1. a **cluster tag**: the word "cluster", followed by a label, which assigns a name to the cluster. This name--here, "local"-- can be supplied to C3 commands as a way of specifying the cluster on which a command should execute.

    2. an open curly brace, which signals the start of the cluster's declaration proper.

    3. a **head node descriptor**: a line that names the interfaces on the cluster's head node. The head node descriptor shown here has two parts:

      • The string to the left of the colon identifies the head node's **external** interface: a network card that links the head node to computers outside the cluster. This string can be the interface's IP address or DNS-style hostname.
      • The string to the right of the colon identifies the head node's **internal** interface: a network card that links the head node to nodes inside the cluster. This string can be the interface's IP address or DNS-style hostname.

      Here, the head node descriptor names a head node with an external interface named htorc-00, and an internal interface named node0. A cluster that has no external interface--i.e., a cluster that is on a closed system--can be specified by either
      • making the internal and external name the same
      • dropping the colon, and using one name in the specifier


    4. a list of **compute node descriptors**: a series of individual descriptors that name the cluster's compute nodes. The example given here contains exactly one compute node descriptor. This descriptor uses a **range qualifier** to specify a cluster that contains 64 compute nodes, named node1, node2, etc., up through node64. A range qualifier consists of
      1. a first, nonnegative integer, followed by
      2. a dash, followed by
      3. a second integer that is at least as large as the first.

      In the current version of the C3 toolset, these range values are treated as numbers, with no leading zeroes. A declaration like

         cluster local {
           htorc-00:node0 #head node
           node[01-64] #compute nodes
         }

      expands to the same 64 nodes as the declaration shown above. To specify a set of nodes with names like node01, node09, node10, ... node64, use declarations like

         cluster local {
           htorc-00:node0 #head node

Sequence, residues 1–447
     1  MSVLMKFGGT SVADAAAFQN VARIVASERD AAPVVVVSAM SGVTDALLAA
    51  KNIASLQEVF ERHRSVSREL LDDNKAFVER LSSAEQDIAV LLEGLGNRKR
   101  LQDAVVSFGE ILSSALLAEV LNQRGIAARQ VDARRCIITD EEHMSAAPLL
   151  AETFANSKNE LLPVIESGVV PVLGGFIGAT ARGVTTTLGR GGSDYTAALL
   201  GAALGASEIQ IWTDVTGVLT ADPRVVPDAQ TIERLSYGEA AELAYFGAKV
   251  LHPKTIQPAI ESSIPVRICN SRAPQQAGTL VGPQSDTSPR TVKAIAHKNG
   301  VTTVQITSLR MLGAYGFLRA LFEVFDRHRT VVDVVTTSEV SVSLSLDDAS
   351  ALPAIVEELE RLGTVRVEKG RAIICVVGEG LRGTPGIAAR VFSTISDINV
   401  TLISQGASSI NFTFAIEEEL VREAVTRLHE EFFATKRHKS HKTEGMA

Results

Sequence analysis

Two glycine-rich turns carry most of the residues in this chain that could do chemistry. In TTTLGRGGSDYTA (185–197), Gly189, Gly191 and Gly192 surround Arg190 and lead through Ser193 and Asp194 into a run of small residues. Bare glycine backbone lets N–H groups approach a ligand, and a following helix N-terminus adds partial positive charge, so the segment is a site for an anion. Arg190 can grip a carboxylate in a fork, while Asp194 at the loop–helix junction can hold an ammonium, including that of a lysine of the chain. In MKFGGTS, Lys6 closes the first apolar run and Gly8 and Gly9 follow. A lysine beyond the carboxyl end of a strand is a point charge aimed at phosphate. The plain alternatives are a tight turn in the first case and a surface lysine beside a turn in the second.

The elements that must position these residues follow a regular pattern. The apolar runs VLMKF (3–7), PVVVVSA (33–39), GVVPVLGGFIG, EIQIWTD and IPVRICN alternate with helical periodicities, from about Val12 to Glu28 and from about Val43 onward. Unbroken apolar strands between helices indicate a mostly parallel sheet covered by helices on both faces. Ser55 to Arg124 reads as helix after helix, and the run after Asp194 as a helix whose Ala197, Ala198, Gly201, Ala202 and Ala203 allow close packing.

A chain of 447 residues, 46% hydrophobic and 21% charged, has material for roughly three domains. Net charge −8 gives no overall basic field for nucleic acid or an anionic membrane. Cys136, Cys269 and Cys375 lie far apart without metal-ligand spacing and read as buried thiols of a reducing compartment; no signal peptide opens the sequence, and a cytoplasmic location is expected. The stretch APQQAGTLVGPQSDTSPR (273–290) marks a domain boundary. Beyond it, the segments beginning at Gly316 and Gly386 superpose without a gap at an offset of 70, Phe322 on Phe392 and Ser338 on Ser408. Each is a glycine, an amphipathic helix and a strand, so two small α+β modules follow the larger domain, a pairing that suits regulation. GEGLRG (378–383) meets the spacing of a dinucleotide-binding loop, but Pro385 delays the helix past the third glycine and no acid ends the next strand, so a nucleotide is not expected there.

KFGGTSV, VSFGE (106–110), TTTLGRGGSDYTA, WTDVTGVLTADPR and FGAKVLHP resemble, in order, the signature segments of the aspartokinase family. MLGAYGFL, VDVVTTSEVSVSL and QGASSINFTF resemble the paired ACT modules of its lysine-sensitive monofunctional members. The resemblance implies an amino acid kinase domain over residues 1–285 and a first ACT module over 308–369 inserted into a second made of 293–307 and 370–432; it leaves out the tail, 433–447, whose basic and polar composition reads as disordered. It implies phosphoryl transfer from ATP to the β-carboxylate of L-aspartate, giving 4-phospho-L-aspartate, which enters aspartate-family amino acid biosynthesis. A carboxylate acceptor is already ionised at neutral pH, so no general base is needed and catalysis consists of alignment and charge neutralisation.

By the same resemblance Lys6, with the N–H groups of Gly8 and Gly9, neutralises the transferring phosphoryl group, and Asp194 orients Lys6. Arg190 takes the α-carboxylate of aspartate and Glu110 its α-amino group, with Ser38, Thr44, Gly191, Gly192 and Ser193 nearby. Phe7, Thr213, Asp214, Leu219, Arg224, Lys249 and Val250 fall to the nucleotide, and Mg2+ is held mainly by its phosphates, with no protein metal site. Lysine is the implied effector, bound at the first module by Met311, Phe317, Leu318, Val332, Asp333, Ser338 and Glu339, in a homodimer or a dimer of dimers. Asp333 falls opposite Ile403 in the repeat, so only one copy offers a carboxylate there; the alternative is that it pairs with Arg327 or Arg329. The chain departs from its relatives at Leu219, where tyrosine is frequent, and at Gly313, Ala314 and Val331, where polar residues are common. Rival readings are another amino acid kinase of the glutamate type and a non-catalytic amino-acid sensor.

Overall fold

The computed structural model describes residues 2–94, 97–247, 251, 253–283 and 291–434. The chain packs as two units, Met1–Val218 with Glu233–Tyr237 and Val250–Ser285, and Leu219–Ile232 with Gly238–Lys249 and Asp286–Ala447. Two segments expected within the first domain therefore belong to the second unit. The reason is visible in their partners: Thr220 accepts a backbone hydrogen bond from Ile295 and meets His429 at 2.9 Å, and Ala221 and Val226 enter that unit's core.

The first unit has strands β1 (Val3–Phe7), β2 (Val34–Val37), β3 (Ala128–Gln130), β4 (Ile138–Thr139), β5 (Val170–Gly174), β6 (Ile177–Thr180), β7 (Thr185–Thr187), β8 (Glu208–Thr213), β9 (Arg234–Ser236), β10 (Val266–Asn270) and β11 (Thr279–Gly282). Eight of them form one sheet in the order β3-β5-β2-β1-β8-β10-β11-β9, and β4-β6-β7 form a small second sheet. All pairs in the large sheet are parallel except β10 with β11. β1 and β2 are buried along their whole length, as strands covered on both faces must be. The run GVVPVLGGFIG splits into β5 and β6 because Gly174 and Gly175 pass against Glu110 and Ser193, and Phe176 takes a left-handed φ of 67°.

node0[1-9] #compute nodes node01..node09
           node[10-64] #compute nodes node10..node64
         }

    5. a final, closing curly brace.

    Configuration files that specify multiple clusters are constituted as a list of cluster descriptor blocks--one per accessible cluster. The following example of a cluster configuration file contains three blocks that specify configurations for clusters named local, torc, and my-cluster, respectively:

       cluster local {
         htorc-00:node0 #head node
         node[1-64] #compute nodes
         exclude 2
         exclude [55-60]
       }

       cluster torc {
         :orc-00b
       }

       cluster my-cluster {
         osiris:192.192.192.2
         woody
         dead riggs
       }


    The first cluster in the file has a special significance that is analogous to the special significance accorded to the first declaration in a make file. Any instance of a C3 command that fails to name the cluster on which it should run executes, by default, on the first cluster in the configuration file. Here, for example, any command that fails to name its target cluster would default to local. The cluster configuration file shown above illustrates three final features of the cluster definition language: **exclude qualifiers**, **dead qualifiers**, and **indirect cluster** descriptors. **Exclude qualifiers** allow nodes to be excluded from a cluster's configuration: i.e., to be identified as offline for the purpose of a command execution. Exclude qualifiers may only be applied to range declarations, and must follow immediately after a range declaration to which they are being applied. A series of exclude declarations is ended by a non-exclude declaration, or the final "}" in a cluster declaration block. An exclude qualifier can be written in one of three ways: Note that a string like "exclude5" is parsed as a node name, rather than as an exclude qualifier. In the above example, the two exclude qualifiers have the effect of causing node2, node55, node56 node57, node58, node59, and node60 to be treated as offline for the purpose of computation. **Dead qualifiers** are similar to exclude qualifiers, but apply to individual machines. In the example given above, the machine named "riggs" in the cluster named "my-cluster" is excluded from all computations. "Dead", like "exclude", is not a reserved word in the current version of the C3 suite. A specification block like